Make a connection with them by giving them the scope of the product. Show them what differentiates the product. Give them a compelling reason to look through the rest of those previews. Hit them with a big hook combined with social proof. You could also use a testimonial that can help with the sales.
Next, tell them what's inside the product. Break your product into categories and show everything clearly. Use mockups where need be. You can also add something for free to keep them hooked. Lastly, give them an overview.
Launch the Product
Once you’ve created a great product, it is time to launch it. Build relationships with other product designers, with marketplaces and reach out to someone such as Matt.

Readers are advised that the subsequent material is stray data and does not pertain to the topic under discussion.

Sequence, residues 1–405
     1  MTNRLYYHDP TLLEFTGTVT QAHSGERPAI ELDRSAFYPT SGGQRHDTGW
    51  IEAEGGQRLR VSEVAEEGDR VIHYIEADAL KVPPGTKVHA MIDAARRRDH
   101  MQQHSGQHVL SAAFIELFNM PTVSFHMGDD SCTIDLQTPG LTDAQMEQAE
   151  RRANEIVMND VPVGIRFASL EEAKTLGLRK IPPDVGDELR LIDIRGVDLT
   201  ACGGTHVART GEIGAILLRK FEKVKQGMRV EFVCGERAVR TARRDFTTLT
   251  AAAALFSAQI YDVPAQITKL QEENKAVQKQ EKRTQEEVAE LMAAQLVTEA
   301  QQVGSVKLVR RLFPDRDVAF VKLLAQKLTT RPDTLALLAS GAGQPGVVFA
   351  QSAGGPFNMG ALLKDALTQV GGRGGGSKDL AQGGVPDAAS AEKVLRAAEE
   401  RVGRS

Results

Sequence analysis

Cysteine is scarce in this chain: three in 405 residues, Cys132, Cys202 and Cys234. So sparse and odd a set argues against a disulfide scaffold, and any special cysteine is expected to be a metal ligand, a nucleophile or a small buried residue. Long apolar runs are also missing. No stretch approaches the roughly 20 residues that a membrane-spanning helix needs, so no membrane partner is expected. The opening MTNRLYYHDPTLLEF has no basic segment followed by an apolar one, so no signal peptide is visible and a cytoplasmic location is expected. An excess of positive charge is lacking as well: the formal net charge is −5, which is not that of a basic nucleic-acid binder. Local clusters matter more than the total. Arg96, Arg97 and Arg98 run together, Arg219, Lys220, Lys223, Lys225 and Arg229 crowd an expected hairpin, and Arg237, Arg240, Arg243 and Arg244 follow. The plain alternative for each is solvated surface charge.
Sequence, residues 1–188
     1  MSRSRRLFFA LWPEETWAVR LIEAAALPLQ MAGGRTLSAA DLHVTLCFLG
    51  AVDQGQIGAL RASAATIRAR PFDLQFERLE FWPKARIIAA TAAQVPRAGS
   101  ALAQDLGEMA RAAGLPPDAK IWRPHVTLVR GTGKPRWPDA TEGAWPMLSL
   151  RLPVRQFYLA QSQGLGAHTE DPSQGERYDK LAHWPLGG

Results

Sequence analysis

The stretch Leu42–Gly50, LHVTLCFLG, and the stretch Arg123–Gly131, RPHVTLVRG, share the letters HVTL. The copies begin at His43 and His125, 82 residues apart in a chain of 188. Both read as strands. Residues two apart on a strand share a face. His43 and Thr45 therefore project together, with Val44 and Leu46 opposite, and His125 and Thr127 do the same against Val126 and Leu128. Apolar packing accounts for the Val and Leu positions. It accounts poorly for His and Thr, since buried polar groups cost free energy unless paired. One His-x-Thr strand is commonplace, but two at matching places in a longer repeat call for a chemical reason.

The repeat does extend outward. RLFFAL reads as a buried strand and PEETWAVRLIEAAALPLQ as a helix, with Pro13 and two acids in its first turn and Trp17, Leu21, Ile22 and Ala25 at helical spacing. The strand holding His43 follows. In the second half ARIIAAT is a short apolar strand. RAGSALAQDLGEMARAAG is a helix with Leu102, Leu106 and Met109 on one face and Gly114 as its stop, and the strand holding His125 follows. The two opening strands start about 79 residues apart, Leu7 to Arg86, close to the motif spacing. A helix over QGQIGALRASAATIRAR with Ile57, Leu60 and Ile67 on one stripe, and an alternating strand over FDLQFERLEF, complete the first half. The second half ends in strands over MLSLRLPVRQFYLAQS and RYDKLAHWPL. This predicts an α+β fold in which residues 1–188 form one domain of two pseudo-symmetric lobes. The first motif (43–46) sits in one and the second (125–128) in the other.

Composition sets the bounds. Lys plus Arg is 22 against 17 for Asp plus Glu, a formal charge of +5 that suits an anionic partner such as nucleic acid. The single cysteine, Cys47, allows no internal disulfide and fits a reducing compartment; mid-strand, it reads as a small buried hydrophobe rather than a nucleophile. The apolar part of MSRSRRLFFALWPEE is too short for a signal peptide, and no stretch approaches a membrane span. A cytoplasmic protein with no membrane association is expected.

Promote it on social media and reach out to the network that you've made of designers and other figures in the industry. Use a launch incentive, such as a discount; it is a powerful way of helping boost the initial sales.
Promote products via emails to your community and set up a few of the channels there through which you can sell your products. For example, Design Cuts sells via promoting them through emails and other channels.
Post Launch Strategy
After launching the products, think about a post-launch strategy. To maximize the ongoing income, think about product updates. Re-promote the product and reach out to the marketplaces. Increase your brand equity.
If you've created a really massive product, you can split that product into smaller individual products because that helps marketplaces sell one of those products and then the others. Don't be afraid of putting your products in bundles.
Congratulations! You have successfully learned how to design and sell digital designing products. For more information, please see the information provided below.